Massachusetts Approves State’s First Recreational Marijuana Business License

The Massachusetts Cannabis Control Commission voted unanimously yesterday to approve the state’s first-ever recreational marijuana business license.

Cannabis Becomes Legal TonightThe commission approved granting the license to Sira Naturals, a marijuana cultivation facility (located in Milford). The company currently grows medical marijuana.

“We’re very excited about it and we are going to work very, very hard to continue our tradition of providing premium cannabis sustainably grown and sold with integrity,” said Sira Naturals CEO Michael Dundas following the commission’s approval of his company’s license.

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New York: Governor-Commissioned Report to Recommend Legalizing Marijuana

New York Health Commissioner Howard Zucker announced this week that a forthcoming report conducted by his office will recommend that the state legalize marijuana.

The Health Department report will recommend that “a regulated, legal marijuana program be available to adults in the state”, Commissioner Zucker said at a recent press conference. “We looked at the pros, we looked at the cons, and when were done, we realized that the pros outweighed the cons. We have new facts.” The complete report is expected to be released in the near future, potentially as soon as next week.

The announcement from Commissioner Zucker comes just weeks after the New York City Comptroller’s office stated that they estimate New York would garner $434 million in annual tax revenue if the state legalized marijuana for adults.

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Delaware Legislature Unanimously Approves Bill to Expand Medical Cannabis Law

Legislation that would add two new conditions that qualify someone to become a medical cannabis patient has been passed by Delaware’s full legislature.

According to its official summary, House Bill 374 “adds glaucoma and chronic debilitating migraines to the list of debilitating medical conditions which may qualify a person, upon certification by a physician, to be eligible for the use of medical marijuana in accordance with the terms of the Delaware Medical Marijuana Act.”

The measure was passed by the House of Representatives last month in a unanimous 41 to 0 vote. It was passed by the Senate yesterday, also unanimously (19 to 0). The bill will now go to Governor John Carney for consideration. Although Carney has the option of signing it into law, allowing it to become law without a signature, or vetoing it, the legislature can override a veto with 2/3rds vote.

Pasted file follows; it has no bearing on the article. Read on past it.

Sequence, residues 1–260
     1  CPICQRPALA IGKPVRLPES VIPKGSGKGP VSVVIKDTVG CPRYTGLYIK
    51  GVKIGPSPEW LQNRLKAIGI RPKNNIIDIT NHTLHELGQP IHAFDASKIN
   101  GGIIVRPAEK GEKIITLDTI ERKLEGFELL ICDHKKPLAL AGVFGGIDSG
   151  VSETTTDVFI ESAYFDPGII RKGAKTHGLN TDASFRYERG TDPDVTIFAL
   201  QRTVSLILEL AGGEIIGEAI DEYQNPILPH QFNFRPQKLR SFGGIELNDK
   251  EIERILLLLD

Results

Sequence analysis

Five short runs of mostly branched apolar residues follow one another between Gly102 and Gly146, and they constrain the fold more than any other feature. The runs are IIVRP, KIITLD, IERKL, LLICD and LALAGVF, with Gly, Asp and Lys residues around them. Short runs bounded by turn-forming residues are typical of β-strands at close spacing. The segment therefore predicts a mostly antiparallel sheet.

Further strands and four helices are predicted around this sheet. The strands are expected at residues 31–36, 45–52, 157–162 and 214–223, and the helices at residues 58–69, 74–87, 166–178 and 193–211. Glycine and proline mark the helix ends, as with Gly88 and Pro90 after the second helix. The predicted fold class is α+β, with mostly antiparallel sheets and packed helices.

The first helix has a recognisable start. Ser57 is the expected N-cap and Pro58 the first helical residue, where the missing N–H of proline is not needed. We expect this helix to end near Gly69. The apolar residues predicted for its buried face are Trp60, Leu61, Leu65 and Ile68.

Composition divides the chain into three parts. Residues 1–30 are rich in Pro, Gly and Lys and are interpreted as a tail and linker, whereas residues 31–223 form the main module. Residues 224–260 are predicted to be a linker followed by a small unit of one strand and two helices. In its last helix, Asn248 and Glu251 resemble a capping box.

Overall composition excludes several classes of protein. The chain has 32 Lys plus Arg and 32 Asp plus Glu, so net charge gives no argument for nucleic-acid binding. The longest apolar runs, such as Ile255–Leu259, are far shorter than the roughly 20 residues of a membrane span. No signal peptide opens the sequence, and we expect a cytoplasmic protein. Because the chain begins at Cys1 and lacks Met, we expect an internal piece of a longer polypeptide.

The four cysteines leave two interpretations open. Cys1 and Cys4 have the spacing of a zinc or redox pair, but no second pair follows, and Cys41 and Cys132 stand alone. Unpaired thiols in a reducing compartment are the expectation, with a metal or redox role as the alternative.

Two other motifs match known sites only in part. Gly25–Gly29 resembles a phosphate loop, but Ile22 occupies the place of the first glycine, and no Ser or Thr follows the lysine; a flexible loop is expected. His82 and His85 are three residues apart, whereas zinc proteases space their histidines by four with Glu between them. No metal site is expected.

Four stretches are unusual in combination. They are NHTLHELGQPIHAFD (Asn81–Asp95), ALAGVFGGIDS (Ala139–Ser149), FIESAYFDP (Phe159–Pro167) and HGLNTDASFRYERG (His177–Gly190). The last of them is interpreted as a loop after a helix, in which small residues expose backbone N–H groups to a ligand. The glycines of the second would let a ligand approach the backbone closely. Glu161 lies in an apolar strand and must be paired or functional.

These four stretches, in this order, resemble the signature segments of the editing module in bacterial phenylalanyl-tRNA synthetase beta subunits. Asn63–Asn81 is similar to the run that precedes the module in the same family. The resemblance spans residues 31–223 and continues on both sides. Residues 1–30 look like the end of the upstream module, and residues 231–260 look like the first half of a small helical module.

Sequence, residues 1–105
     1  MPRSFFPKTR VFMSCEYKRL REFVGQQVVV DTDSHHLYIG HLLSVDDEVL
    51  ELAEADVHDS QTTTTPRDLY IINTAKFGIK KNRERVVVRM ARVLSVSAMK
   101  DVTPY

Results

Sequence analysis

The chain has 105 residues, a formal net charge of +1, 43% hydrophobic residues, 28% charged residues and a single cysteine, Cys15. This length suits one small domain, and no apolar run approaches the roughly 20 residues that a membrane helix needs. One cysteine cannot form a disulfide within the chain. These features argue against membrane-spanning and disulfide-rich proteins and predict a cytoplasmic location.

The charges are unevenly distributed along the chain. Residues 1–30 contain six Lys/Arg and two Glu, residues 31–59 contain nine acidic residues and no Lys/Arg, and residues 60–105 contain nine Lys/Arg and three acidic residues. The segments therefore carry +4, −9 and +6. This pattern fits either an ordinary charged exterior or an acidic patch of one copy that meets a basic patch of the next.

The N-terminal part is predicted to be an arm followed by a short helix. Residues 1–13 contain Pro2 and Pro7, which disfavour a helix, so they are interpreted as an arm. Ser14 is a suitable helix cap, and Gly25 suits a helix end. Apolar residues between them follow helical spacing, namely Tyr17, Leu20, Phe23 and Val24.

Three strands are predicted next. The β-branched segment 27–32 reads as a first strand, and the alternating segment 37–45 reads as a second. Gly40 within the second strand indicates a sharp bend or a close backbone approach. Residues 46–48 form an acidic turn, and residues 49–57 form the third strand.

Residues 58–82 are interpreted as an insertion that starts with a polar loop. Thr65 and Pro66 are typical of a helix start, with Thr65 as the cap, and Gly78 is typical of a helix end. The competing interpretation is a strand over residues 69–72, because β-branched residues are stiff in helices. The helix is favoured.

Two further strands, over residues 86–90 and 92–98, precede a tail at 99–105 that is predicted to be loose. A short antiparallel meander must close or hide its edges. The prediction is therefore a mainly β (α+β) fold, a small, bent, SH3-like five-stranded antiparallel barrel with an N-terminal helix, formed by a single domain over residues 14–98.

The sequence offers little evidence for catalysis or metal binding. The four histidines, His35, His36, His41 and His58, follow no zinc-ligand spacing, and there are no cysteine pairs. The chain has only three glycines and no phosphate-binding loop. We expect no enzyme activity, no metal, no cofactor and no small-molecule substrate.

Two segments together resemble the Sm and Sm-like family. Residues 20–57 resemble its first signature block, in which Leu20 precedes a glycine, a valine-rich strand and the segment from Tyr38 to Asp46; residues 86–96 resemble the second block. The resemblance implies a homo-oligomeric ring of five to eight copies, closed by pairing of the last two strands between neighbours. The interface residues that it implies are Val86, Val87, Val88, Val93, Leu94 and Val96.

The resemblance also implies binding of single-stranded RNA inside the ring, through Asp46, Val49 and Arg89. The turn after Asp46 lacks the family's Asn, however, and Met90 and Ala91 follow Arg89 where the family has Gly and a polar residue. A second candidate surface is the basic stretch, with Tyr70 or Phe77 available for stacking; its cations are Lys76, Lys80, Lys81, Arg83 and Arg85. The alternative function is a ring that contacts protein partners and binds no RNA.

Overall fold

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Canada Parliament Passes Marijuana Legalization Bill

Canada’s full House of Commons and Senate has officially passed the same marijuana legalization bill, sending it towards Royal Assent.

C-45 was passed by the Senate today in a 52 to 29 vote. Having  already passed the House of Commons, it will now be sent to the Governor General for Royal Assent (final approval). With Royal Assent essentially being a formality, it’s all but official that Canada has legalized marijuana, with the law expected to be in full swing by September.

Once the law does takes effect, those 18 and older will be allowed to legally possess and grow marijuana for personal use. They’ll be able to buy the plant through licensed marijuana stores, or by purchasing  it online. Although the age limit is set at 18, some provinces are expected to set the limit at 19.

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Poll: For First Time, Majority in France Support Legalizing Marijuana

New polling shows that for the first time a majority of adults in France support legalizing marijuana, and a much larger majority support medical marijuana legalization.

According to the new poll from Institut français d’opinion publique (Ifop) for Terra Nova and Echo Citoyen, 51% of those in France support marijuana legalization, with 40% opposed; the remaining 9% are currently undecided on the issue.

Thierry Pech, head of Terra Nova, says the poll marks a “turning point”, saying that “French people made the finding that prohibition and repression did not work to preserve the health of users”.

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Marijuana Possession, Cultivation Become Legal in Vermont in Less than Two Weeks